Cattle Rendering is an Unsung Sustainability Success Story
Without the rendering industry, U.S. landfills would be at capacity in just four years.
That’s according to Kent Swisher, the newly elected president and CEO of the North American Renderers Association (NARA), who was speaking ahead of this year’s National Cattle Industry Convention in August. Rendering’s sustainability success story doesn’t always get the attention it deserves, he said, but telling it will protect the industry’s future demand.
A recently published peer-reviewed article quantifies how agricultural rendering benefits the three pillars of sustainability – environmental, social and economic – in the following ways:
Reduced waste and carbon emissions
“Our carbon intensity is a lot lower, because we are recycling products that would otherwise go into a landfill,” said Swisher.
Keeping that waste out of landfills avoids at least 90% of potential greenhouse gas emissions, compared with industrial composting, and sequesters five times the amount of GHGs as it emits. As of 2020, rendering’s annual GHG reduction is equivalent to removing more than 18.5 million cars from American roads.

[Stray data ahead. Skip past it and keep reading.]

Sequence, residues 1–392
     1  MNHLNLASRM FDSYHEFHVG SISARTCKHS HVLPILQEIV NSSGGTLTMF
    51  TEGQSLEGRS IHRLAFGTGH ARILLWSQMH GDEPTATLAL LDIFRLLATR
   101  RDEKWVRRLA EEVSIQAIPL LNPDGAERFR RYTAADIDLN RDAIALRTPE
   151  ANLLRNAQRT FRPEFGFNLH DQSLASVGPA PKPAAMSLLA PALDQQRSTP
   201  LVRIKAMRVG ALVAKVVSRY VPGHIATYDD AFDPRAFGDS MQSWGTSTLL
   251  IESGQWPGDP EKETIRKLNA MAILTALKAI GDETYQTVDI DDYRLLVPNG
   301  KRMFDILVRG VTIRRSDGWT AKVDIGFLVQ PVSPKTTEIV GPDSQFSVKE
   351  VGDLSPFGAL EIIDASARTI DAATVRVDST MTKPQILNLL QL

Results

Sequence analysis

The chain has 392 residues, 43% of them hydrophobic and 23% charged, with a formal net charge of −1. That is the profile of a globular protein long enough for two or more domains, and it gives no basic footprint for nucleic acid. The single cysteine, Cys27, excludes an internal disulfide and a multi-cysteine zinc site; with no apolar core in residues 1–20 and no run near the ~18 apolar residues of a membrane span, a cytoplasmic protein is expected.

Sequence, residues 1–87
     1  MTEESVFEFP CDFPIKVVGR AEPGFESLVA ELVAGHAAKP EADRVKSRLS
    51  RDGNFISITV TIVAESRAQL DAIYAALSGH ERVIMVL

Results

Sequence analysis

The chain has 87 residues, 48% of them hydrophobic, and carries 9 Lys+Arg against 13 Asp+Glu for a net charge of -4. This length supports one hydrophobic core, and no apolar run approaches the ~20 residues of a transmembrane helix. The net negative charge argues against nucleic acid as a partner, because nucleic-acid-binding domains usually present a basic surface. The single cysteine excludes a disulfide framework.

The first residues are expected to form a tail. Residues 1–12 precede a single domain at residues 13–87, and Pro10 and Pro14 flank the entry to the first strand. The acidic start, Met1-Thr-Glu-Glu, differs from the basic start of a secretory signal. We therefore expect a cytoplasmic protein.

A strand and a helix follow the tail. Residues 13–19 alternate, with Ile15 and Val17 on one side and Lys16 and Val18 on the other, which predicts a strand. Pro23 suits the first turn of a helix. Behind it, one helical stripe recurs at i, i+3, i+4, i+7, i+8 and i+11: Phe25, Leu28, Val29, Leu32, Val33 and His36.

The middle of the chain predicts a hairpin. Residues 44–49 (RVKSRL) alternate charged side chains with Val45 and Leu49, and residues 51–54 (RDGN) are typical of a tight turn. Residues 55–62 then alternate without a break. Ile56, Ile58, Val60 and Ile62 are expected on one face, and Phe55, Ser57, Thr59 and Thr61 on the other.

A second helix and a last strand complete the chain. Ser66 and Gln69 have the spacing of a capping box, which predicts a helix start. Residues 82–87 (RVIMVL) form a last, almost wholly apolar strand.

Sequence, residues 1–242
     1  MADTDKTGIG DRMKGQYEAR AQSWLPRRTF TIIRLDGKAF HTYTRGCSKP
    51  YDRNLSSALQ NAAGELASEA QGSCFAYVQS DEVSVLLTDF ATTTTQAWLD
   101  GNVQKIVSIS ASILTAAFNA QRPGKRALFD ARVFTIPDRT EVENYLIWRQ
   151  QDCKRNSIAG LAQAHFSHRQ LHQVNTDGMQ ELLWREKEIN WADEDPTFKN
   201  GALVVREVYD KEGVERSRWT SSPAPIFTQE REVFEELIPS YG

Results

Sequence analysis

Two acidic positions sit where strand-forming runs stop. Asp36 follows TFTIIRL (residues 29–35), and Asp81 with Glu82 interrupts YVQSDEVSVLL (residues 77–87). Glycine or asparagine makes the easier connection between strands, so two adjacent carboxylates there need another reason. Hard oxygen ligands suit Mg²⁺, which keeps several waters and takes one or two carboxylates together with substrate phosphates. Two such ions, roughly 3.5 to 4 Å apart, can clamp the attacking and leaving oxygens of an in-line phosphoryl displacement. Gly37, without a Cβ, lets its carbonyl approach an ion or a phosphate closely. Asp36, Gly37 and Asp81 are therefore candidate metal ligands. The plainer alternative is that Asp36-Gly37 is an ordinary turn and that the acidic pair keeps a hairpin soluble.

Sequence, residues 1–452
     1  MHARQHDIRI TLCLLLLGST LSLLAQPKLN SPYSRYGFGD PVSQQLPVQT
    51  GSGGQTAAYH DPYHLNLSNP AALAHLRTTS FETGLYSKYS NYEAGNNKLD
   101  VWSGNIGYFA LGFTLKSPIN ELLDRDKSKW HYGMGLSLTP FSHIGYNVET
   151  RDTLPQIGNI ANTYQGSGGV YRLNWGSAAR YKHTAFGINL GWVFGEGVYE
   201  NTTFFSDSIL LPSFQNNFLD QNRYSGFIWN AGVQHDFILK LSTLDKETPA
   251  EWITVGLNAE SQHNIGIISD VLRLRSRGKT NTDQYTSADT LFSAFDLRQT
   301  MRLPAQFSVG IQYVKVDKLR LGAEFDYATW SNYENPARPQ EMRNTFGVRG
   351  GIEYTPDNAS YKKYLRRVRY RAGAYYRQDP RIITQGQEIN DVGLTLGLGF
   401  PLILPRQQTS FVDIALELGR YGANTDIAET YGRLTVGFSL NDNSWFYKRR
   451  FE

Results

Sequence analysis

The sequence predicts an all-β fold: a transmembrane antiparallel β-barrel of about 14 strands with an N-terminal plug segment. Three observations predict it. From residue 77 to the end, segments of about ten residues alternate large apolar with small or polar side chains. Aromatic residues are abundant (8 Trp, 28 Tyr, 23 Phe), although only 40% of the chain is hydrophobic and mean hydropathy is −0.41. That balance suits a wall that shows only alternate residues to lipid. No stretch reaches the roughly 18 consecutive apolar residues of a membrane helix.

“Most people don’t understand that half of an animal is easily water,” added Swisher.
Rendering reclaims and conserves 3.7 billion gallons of water (circa 16.8 billion liters) each year that would otherwise be wasted. That water is cleaned and returned to rivers and streams. According to NARA, that’s enough water to fill 5,604 Olympic-sized swimming pools.
The rendering process removes grease and oils that would clog sewer and wastewater systems, further contributing to improved water quality.
Social and economic benefits
There are emerging market opportunities for products from the cattle rendering industry, both domestically and globally, including in renewable biodiesel production.
The rendering industry is also an economic driver, with an annual economic contribution of $10 billion. It employs skilled, full-time labor and retention rates are high, with the industry often providing stable employment in rural communities.